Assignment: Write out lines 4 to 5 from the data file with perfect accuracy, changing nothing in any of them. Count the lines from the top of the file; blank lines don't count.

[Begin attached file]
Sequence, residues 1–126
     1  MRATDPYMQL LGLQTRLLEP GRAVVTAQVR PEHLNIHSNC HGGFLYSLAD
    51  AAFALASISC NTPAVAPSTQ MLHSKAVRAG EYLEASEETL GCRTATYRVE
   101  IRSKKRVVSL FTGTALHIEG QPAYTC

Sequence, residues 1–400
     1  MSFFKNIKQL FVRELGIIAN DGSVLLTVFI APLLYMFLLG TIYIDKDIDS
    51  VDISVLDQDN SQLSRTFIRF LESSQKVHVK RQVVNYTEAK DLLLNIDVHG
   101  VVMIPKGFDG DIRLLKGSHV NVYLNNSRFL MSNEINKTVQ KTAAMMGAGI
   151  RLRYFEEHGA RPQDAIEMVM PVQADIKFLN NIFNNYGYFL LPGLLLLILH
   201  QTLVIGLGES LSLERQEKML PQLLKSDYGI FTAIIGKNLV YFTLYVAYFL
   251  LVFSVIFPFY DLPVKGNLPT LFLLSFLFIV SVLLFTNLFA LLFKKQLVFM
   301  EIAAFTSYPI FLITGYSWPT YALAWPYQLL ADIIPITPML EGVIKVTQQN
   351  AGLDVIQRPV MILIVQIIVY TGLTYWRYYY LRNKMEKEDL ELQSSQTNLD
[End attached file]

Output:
   101  IRSKKRVVSL FTGTALHIEG QPAYTC

Sequence, residues 1–400